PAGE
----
Eats & Drinks
DPJ’s Wire series delivers news and information straight from the source without translation.
GARFIELD GAIN FIESTA 2014
Free Entertainment/Games-Prizes/Hot Dogs and Sodas
Dignitaries/Health Services/Housing info/1,500 Downtown Neighbors
Garfield Neighborhood will be Phoenix’s first “Getting Arizonan’s Involved In Neighborhoods” (GAIN) event, and one of the largest. Being a resilient inner-city neighborhood, Garfield’s GAIN-FIESTA entertainment combines a unique social mixer with a Health Fair. Bringing together Hispanic families, retirees, with new creatives and ASU downtown students, this is one inclusive afternoon of games and service provider booths, Norteno music, slam poetry, hotdogs and a roller derby demo bout. Coming this Oct 4, Saturday, 2 – 6pm, at Garfield Elementary School’s Playground, 811 N. 13th St, and it’s free.
NOTE: Hotdogs grilled by Garfield’s Community Action Officer, Mario Ancich; with 3 to 4 moms from school serving.
La Campesina Radio Network
Kate and Steve Gallego
Central City Precinct Representative
Police Chief Garcia
• Parks Department/Verde Park
• Boys and Girls Club Phoenix, Gable Keystone Center
• City of Phoenix Housing and Diamond Street Resource Center
• Crossroad Youth Intervention
• ReInvent: Garfield/Eastlake Plan
• CrossFit, kids and game area
• Phoenix Police Department
• PESD #1, Garfield Elementary School, Principal Sylvia Burnal
• Phoenix Neighborhood Services Department, Roberto Frietz
• Phoenix Parks and Recreation, Verde Park, Cindi Wilson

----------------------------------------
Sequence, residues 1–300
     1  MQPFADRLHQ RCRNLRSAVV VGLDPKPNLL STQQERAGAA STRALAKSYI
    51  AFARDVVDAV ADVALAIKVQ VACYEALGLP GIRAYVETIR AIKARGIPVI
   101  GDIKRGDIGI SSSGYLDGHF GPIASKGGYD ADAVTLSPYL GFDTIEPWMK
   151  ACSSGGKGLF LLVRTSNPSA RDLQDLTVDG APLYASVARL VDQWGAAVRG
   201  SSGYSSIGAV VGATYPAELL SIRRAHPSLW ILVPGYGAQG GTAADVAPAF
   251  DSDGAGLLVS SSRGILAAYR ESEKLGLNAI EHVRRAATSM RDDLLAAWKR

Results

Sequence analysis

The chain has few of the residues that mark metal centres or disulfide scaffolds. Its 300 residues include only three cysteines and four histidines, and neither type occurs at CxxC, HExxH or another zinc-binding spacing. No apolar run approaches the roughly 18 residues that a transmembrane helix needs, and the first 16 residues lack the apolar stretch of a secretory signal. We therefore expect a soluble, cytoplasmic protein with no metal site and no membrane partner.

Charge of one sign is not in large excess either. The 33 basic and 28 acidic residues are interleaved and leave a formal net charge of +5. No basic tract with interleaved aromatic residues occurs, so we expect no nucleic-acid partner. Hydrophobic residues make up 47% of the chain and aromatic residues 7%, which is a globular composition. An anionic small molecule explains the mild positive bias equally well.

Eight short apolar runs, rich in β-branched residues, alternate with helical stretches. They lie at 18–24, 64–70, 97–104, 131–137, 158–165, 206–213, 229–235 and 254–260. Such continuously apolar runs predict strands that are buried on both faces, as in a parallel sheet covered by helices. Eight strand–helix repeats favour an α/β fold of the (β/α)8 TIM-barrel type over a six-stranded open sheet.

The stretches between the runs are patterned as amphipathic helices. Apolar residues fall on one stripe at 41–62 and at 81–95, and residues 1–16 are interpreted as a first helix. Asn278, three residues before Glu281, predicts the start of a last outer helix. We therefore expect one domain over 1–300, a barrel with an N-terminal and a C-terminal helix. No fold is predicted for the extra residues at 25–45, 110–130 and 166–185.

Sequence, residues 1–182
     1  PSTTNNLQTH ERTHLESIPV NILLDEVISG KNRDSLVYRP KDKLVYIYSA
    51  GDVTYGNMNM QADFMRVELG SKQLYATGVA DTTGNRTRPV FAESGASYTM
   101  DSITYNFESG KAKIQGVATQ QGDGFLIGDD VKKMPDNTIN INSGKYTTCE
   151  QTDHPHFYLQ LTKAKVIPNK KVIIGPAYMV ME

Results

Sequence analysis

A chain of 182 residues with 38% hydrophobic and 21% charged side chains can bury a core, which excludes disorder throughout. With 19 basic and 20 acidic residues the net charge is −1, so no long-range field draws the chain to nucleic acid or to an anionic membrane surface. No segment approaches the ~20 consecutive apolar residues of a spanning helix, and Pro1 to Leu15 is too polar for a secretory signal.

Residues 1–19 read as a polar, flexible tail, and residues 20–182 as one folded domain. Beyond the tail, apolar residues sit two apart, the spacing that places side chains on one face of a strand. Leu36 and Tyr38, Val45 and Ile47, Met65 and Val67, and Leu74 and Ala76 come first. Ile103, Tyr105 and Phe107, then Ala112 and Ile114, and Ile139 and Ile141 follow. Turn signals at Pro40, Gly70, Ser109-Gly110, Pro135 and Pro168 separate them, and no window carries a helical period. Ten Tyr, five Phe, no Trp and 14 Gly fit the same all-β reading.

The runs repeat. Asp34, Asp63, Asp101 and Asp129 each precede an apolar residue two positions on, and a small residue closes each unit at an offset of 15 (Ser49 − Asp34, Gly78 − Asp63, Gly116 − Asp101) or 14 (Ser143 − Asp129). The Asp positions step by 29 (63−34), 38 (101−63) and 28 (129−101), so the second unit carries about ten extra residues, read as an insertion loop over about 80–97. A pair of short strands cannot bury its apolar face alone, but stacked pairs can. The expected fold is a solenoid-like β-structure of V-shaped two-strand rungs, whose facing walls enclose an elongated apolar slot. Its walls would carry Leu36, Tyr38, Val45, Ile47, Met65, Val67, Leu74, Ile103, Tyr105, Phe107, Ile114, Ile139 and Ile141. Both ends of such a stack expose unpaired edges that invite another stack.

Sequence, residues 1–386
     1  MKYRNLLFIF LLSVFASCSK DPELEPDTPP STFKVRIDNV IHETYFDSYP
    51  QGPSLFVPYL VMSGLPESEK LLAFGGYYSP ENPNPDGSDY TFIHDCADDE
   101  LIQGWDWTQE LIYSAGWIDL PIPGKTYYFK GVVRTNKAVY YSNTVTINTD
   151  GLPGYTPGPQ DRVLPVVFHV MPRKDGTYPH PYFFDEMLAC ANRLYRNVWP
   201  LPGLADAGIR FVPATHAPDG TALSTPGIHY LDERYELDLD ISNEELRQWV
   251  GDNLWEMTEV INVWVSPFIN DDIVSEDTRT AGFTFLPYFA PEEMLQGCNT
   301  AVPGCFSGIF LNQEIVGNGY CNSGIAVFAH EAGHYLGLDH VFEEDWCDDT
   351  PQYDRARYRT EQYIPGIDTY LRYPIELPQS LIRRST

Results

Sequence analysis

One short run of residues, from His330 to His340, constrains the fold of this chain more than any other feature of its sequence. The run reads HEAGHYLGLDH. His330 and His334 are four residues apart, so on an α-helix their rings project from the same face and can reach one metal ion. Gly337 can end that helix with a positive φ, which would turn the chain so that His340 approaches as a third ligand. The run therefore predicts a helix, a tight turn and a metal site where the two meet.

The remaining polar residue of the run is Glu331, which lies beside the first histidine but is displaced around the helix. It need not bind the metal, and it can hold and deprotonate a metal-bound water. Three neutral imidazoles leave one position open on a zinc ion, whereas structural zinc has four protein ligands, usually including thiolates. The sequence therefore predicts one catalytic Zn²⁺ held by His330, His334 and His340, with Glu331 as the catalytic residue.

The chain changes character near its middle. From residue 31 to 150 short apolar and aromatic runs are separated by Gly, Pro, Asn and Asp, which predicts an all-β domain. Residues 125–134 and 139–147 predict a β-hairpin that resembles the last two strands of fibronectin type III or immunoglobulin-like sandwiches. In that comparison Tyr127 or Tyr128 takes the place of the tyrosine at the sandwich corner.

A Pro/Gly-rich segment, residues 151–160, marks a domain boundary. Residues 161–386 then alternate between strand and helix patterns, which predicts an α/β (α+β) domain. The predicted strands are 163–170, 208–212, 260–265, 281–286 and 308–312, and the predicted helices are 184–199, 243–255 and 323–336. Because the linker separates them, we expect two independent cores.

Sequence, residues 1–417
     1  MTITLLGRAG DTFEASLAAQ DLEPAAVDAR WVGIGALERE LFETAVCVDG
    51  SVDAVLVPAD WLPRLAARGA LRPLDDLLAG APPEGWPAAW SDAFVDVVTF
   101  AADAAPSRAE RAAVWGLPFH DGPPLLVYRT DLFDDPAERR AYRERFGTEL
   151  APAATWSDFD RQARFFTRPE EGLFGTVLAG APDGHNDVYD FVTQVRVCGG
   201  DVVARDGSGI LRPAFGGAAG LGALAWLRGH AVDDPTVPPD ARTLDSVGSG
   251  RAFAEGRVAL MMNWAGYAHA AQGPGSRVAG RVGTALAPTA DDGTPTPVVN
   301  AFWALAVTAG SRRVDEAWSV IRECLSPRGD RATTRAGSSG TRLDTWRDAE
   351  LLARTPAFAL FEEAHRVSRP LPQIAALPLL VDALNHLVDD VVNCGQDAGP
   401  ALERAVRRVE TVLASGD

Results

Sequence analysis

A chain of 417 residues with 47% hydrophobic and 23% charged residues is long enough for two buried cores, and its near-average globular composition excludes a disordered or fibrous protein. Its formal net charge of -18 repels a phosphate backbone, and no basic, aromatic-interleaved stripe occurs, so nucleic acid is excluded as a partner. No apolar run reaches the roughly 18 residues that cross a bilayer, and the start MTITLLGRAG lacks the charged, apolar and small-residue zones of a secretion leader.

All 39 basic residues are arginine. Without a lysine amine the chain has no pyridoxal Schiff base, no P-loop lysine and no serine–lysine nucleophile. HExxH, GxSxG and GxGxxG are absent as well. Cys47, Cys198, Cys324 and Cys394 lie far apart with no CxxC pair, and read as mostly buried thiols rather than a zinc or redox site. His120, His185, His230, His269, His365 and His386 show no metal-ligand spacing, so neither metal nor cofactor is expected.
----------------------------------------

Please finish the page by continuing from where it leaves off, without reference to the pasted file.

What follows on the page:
• Garfield Organization, Dana Johnson
• Alwun House, Kim Moody
• Mayor Stanton
• ield Organization; includes Garfield Community Garden (brochure/seeds); Bilingual Greeters; neighborhood Alwun House Green Art Park project info.
• City of Phoenix Neighborhood Services Department
• Neighborhood Housing Services Phoenix
◦ Radio Campesina presents Groupo Acertijo Norteno
◦ Arizona Roller Derby demo bout (separate staging area)
◦ Local Slam Poetry with Ernesto Moncada, en ‘Spanglish,’ and el gringo, Kevin Patterson
◦ Tyko-Native American drummers, Ken Koshio and friends
◦ Bilingual and ASL interpreter
• Boys and Girls Club metro Phoenix; games, facepainting
• Inflatable Bouncies, 8’ Water Slide Splash, 64’ Obstacle Course
• CrossFit, kids and game area
◦ NEAT with nutrition information and handouts
◦ Maricopa Integrated Health body fat assessments and scheduling appointments to assist people with AHCCCS
◦ U of A College of Medicine
◦ Chamberlain School of Nursing, glucose test
◦ Boys of Girls Club of Metro Phoenix Dental Clinic, tooth kits hand out
◦ Maricopa County DES Child Support information
The Downtown Phoenix, Inc. (DPI) team received excellent feedback at our quarterly Board of Directors meeting earlier this week. In addition to a comprehensive overview of new development initiatives, we focused on events, membership, establishing our brand, and our work with Roosevelt Row and Evans Churchill to investigate the feasibility of creating a business improvement district. Our economic development partner, the Downtown Phoenix Community Development Corporation (CDC), has joined the Downtown Phoenix Partnership (DPP) in agreeing to a January 1, 2015 consolidation date. We continue to work with the Phoenix Community Alliance (PCA) on a similar arrangement.
Having our business, city, and community leadership at the same table focused on the future of downtown bodes well for the future.
Doing Our Best
USA Today named the Roosevelt Row Arts District one of the top ten best arts districts in the nation. Last year Roosevelt Row was spotlighted, again by USA Today, as one of the ten best neighborhoods that tourists haven’t found yet.
Bleacher Report named Phoenix the 13th best city (out of 25) to be a sports fan. Rankings were based on number of teams and events, success of teams in last five years, stadiums, fan passion, general fan experience, media, star power, and tradition and history.
Our Bleacher Report ranking should go up a few notches as the Phoenix Mercury completed a three-game sweep of the Chicago Sky on Sunday to win the third WNBA championship in team history. They join the Arizona Rattlers who, a few weeks earlier, won their Arena Football League championship against the Cleveland Gladiators.